Sunday, September 5, 2004

Understanding health care...

Bloomberg News discusses Kerry’s health plan.

I claim very little understanding of health care issues. I’ve been doing extra reading on the subject lately in an effort to sort some of it out. I begin with a strong bias against government operation or control of just about everything. Government is notoriously inefficient, consistently yielding poor results at high costs. I see no reason to believe it would be any better at heath care than it is at, say, education. That’s why the most disturbing thing I learn from the article is this:

About 78 percent of Americans want to place limits on drug prices, according to a survey of 810 adults June 5-27 by Stony Brook University in New York. The same poll found health care ranks as the third most important issue in deciding how to vote Nov. 2, behind jobs and Iraq, and slightly ahead of terrorism.
What this tells me is that nationalized/socialized health care is inevitable. With such support for price controls, it’s a just a matter of time before we elect candidates who will deliver them (Hillary in 2008?), undoubtedly as part of a comprehensive national health care system.

The problem is that price controls never work. As economist Thomas Sowell so often points out, you can change the price of things, but you cannot change their costs. The costs may be hidden; the costs may shift elsewhere; but costs do not change simply because we slap on an artificial price tag. Throw government into the mix, and we exacerbate the problem—adding layers of inefficiency and mismanagement, i.e. more cost.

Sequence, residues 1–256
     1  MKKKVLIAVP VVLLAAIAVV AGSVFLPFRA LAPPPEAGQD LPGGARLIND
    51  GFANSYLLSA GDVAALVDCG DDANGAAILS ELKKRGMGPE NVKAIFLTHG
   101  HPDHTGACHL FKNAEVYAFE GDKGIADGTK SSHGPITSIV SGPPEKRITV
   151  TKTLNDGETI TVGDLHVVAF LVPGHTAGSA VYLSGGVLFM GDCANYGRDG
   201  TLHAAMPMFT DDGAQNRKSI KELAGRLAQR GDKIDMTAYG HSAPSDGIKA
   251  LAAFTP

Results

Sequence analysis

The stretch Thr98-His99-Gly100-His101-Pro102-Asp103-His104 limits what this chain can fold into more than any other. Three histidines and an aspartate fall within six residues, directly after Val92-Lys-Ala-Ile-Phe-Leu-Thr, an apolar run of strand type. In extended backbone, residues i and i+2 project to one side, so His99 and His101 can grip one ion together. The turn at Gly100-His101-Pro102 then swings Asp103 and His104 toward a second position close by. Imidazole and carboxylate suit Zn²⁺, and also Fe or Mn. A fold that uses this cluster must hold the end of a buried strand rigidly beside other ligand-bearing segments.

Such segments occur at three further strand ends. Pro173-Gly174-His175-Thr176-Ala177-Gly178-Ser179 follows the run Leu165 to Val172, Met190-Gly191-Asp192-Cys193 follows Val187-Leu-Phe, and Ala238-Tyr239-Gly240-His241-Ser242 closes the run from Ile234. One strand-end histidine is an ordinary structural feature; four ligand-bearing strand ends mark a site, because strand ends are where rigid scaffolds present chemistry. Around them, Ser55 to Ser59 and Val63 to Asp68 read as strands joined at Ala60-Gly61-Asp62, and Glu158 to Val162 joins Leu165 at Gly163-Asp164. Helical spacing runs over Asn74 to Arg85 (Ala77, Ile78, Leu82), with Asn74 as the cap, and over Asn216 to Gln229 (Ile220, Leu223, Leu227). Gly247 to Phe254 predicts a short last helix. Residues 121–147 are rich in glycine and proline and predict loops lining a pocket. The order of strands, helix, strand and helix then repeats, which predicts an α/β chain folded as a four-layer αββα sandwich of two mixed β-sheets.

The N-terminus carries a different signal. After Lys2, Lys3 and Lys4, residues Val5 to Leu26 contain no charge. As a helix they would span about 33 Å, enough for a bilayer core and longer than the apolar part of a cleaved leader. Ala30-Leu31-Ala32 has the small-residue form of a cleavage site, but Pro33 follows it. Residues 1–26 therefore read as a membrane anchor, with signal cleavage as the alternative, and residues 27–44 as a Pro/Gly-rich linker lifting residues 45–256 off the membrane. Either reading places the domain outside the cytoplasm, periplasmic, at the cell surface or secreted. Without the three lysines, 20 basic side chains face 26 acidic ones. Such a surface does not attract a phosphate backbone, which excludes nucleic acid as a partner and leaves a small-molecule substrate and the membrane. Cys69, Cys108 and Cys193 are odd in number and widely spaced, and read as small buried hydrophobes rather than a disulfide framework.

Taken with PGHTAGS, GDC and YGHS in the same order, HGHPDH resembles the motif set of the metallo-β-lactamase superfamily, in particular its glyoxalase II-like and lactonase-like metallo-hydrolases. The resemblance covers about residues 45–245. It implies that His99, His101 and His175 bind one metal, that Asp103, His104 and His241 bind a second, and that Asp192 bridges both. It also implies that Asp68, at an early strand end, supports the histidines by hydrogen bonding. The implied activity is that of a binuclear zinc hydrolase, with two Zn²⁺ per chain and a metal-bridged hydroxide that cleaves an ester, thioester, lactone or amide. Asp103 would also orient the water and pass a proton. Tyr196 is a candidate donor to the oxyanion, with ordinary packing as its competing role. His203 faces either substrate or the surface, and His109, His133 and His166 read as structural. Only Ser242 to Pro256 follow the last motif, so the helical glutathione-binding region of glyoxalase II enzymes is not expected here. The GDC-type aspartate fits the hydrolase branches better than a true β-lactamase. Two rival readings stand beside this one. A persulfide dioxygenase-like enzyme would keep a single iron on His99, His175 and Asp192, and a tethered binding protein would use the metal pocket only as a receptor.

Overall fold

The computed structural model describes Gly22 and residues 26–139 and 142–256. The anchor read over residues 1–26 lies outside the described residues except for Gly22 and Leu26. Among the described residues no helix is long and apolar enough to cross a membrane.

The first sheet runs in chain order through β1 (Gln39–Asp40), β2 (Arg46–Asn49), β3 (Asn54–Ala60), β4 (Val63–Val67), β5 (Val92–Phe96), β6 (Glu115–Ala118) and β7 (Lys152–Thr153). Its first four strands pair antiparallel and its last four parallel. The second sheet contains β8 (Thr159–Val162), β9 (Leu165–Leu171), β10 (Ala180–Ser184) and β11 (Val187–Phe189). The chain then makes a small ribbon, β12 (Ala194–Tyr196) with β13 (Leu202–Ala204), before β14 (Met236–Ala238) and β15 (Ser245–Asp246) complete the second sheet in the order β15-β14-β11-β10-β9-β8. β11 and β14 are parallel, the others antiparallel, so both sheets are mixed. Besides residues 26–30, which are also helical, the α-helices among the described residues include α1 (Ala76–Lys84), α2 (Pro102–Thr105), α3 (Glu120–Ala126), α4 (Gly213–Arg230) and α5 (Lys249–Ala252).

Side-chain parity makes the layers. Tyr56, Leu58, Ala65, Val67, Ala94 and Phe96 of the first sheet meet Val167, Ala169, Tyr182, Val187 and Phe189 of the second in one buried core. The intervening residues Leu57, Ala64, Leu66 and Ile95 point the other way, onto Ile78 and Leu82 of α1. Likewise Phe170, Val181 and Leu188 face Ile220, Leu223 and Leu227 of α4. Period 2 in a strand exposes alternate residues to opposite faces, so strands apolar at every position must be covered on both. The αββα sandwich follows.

According to the Bloomberg article, Kerry’s plan would both increase government involvement and force price controls on drug companies. Our health care system is very complex, and I’m sure there are many problems with it. I’m a long way from understanding the dynamics of it, let alone proposing any solutions. But the Kerry/Clinton approach strikes me as bad policy. Worse, once implemented, it will be policy that will be very difficult to reverse.

I'll revisit this as I gain understanding.

Update: McQ of QandO takes a look at the consequences of price controls on Canadian health care.

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